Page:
In order to make sure that we have a lively discussion, I start by asking the students to tell me if they think the ghost cat is real or imagined. I form my groups on the spot trying to keep equal amounts of ghost cat believers/non believers and girls/boys. I do try to make groups that have a student leader in them who will spark the discussion, but it doesn't always work that way. I group my gifted students a little bit differently as I feel that it is important for the gifted readers to have their higher level discussions with their gifted peers.
Since my largest class is 29 students, I am able to run 3 discussion groups of 10 or less. It typically takes around 10-15 minutes to complete a discussion.
When I call a discussion group, I have them sit in a circle around the round table in the back of my room. Before I received my beloved round table, I had the students bring their chairs and sit in a circle in the back of the room. They need to bring their story and their half multi-flow map to the discussion.
I remind the students that today they are going to be talking to each other and asking each other questions. They need to look at each other when they speak, not at me. I will ask the initial question, and then the discussion in theirs.
I make a seating discussion chart for myself of student names where I track their comments and questions. This helps me remember what they said in case I want to ask follow up questions. I also like to look back on the discussions afterwards, and use it as a formative tool. I will eventually begin grading these discussions, and the chart helps me see student strengths and weaknesses. After this round of discussions, I noticed that most students did not ask questions of their peers. This is a skill we will work on before I begin formally grading the discussions.
Once I pose the key question, "Do you believe that Jodi invented the ghost cat? Why or why not?" I let the students take turn sharing their opinions and evidence. Groups that were willing to ask questions and respond to other people's answers had much more interesting discussions.
I had several other questions up my sleeve in case the discussions hit a stand still.
Once the discussion starts to lull, I generally wrap it up and move on to the next group.
Once a group is finished discussing, I have them go back to their seats and reflect on what happened. Right there on the half multi-flow paper that they brought to the discussion, I ask the students to tell me something new that they learned during the discussion. This can be as simple as a comment that someone made that they had never thought of before the discussion. Some students completely change their point of view after the discussion. After that, they write something they did well and something to work on next time. I call this star, plus, delta (star being the new learning that took place).
Shared Inquiry embodies the heart CCSS. Students must state an opinion that is based and supported by textual evidence. They listen, speak, and question each other in an organized, intellectual manner. It pushes the students to be thinkers and active participants in their learning.
There is something about participating in the discussion that really leads to brilliant ideas. Each discussion is unique, and the students process their ideas in different ways. I've read this story many times and participated in dozens of shared inquiry discussions over it, but each year, a student comes up with a new insight that I've never even considered. This is why I love teaching literature. It's those moments where a student's ideas give me chills, and I begin to look at a tiny piece of the world differently. Shared Inquiry is such an awesome way to take literature out of the dusty old library and make it living and exciting!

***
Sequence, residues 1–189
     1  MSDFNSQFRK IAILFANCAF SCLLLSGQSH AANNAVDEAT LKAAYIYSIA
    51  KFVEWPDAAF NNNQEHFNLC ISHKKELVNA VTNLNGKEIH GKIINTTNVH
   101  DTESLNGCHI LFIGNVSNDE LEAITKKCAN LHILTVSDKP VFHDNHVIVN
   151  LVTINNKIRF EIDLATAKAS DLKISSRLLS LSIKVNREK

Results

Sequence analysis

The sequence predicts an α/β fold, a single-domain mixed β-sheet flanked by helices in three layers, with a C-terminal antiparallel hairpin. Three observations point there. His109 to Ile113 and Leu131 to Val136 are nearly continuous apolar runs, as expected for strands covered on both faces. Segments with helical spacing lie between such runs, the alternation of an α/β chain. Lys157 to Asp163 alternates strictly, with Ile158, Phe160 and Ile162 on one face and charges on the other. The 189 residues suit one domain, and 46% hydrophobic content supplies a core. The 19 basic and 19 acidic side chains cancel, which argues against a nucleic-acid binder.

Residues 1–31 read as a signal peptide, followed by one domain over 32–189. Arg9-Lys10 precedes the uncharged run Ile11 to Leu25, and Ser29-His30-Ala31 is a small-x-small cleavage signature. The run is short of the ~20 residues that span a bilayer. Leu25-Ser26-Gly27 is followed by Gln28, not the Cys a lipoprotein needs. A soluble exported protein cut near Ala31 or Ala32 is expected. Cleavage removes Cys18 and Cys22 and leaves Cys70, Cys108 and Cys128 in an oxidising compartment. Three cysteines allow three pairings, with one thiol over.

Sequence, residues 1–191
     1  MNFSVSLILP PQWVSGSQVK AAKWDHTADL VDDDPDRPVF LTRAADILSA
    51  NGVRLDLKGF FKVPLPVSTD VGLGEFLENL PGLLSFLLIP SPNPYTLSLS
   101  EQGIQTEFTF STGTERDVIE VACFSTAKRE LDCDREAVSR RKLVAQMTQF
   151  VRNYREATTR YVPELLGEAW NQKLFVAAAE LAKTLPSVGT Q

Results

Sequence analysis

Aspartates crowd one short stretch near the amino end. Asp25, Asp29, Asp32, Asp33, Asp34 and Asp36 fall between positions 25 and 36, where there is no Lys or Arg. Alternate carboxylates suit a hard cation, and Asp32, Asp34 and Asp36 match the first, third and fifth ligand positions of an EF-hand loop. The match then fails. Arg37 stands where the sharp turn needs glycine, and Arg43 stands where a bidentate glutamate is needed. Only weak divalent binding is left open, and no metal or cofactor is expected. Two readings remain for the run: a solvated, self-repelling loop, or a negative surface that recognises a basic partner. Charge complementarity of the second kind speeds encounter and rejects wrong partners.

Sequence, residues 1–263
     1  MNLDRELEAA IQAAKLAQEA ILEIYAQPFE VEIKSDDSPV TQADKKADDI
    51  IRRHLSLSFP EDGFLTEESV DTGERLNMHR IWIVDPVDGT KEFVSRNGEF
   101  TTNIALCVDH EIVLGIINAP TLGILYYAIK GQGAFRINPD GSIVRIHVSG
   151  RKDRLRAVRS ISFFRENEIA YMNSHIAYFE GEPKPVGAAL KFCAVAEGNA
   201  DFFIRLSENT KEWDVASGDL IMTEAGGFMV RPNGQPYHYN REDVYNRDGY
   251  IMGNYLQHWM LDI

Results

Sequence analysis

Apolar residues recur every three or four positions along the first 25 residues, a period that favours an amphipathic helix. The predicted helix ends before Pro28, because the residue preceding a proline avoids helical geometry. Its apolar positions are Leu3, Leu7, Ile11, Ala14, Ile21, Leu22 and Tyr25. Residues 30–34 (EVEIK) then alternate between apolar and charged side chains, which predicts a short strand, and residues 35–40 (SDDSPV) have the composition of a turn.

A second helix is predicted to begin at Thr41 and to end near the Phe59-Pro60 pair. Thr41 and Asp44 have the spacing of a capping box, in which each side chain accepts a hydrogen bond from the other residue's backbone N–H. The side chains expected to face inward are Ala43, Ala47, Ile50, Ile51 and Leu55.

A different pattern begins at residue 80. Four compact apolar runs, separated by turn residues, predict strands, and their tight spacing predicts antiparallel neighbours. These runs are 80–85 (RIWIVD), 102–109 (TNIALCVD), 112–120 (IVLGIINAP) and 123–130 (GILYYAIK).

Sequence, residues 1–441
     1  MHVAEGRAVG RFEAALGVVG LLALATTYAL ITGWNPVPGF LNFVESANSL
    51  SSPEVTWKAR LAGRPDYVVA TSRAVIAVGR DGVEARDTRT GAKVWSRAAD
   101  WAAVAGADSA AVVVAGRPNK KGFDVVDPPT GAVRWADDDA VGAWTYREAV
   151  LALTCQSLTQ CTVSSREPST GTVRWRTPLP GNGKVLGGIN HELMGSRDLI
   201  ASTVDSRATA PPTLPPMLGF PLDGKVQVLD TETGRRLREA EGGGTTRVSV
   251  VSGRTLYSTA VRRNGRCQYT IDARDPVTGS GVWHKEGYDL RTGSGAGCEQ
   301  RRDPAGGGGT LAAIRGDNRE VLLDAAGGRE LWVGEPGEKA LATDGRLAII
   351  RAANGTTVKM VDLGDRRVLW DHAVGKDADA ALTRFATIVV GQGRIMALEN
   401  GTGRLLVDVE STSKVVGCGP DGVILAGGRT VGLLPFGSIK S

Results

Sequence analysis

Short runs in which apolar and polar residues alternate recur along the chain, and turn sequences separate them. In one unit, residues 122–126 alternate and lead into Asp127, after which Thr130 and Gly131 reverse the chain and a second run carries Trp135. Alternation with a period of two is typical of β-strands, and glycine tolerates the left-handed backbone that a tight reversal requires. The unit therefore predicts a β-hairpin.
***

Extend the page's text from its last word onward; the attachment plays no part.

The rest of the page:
Tight management is crucial during this process otherwise you won't be able to run a successful discussion without interruptions.
I always give the students who are not discussing an assignment where they can work independently. Sometimes I give a creative writing assignment, but in this case, I want to review elements of the plot. I still need to close out my learning cycle goal on plot, so I want to do a quick check to see where the are without my help. I am mostly concerned with whether or not they can identify the climax of a story.
I am asking my students to work on 2 different questions while they are out of the discussion.
First they will create a plot map over the story including the exposition, rising action, climax, falling action, and resolution.
Next, I will have them explore an alternative ending and discuss what the story would be like if the author hadn't included the detail about Jodi having the bell at the end. I ask them to predict the ending of the story, and discuss why the author included that detail.
While I am running the discussion group, the rest of the students are supposed to work quietly on this assignment. It usually is a little rough at the beginning and I do have to remind and redirect students. After a couple of discussions, the students manage themselves better because they WANT to get to the discussion. I assign a student to answer any questions that might arise while I am running the group. I don't let anyone interrupt us while we are talking. If students need to use the bathroom while I am discussing (and for some reason everyone does!), I ask them to write their name on the board to show they are out of the room. One person is allowed out at a time.
The toughest part about running the small group is keeping the rest of the class working quietly. It does take practice and persistence, but by the third discussion, they usually have it down! Hang in there and keep at it because the outcome is worth it. There have been days where I had to stop in the middle of the discussion and cancel it because the class couldn't handle it. It is all a learning experience for the teachers and the students.